The technologies referred to as “artificial intelligence” or “AI” are more momentous than most people realize. Their impact will be at least equal to, and may well exceed, that of electricity, the computer, and the internet. What’s more, their impact will be massive and rapid, faster than what the internet has wrought in the past thirty years. Much of it will be wondrous, giving sight to the blind and enabling self-driving vehicles, for example, but AI-engendered technology may also devastate job rolls, enable an all-encompassing surveillance state, and provoke social upheavals yet unforeseen. The time we have to understand this fast-moving technology and establish principles for its governance is very short.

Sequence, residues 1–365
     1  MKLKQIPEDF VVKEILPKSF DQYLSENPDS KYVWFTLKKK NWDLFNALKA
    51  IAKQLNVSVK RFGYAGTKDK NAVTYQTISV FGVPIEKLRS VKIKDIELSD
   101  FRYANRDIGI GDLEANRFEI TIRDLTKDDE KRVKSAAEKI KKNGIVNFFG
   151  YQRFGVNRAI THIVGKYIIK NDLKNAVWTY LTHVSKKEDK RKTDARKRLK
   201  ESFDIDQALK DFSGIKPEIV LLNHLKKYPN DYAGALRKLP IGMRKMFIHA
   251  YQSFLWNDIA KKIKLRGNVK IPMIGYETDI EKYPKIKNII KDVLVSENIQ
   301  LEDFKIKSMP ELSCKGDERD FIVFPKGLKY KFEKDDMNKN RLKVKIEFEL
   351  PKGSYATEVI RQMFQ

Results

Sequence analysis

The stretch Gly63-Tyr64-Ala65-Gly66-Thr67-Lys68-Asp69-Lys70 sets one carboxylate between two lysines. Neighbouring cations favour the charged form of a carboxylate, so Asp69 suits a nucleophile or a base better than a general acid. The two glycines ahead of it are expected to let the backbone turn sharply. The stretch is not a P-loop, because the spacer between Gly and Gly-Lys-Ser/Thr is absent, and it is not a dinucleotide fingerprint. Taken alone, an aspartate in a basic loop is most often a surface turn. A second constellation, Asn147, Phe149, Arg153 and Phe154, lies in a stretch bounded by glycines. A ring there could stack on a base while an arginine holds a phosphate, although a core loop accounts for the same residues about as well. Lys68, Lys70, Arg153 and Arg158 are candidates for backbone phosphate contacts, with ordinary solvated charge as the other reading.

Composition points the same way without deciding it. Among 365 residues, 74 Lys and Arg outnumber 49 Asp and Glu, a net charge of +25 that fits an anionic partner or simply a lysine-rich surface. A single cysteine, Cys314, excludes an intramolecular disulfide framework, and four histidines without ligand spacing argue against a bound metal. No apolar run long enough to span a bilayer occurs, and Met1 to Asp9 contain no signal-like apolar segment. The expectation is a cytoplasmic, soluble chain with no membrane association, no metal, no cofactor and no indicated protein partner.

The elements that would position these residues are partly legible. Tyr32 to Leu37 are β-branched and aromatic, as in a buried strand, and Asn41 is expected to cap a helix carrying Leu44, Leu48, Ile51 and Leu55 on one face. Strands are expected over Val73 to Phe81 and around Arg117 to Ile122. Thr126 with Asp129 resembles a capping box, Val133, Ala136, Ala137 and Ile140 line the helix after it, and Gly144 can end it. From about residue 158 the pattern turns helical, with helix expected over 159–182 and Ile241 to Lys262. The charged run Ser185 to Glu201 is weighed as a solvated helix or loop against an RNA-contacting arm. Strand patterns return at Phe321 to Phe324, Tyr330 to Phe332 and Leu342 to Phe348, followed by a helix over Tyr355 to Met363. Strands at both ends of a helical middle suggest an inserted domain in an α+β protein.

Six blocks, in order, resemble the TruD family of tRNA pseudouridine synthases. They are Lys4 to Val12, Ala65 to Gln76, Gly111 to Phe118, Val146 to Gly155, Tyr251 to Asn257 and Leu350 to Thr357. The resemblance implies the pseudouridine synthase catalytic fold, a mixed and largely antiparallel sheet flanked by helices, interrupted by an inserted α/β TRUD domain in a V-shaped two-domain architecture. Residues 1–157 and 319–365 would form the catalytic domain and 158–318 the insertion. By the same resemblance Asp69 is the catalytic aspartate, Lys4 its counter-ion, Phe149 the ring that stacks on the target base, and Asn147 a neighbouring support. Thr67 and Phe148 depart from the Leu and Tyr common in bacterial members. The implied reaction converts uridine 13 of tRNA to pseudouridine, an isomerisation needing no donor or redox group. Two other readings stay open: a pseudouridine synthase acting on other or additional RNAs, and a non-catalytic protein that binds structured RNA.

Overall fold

The term “AI” was coined by a computer scientist in 1956. At its simplest, AI refers to techniques that combine data and algorithms to produce a result. Those techniques can be as simple as Google Maps digesting traffic data to provide the fastest route, Amazon’s Alexa “understanding” the question “What time is it?,” and your iPhone “recognizing” your face as the ultimate password.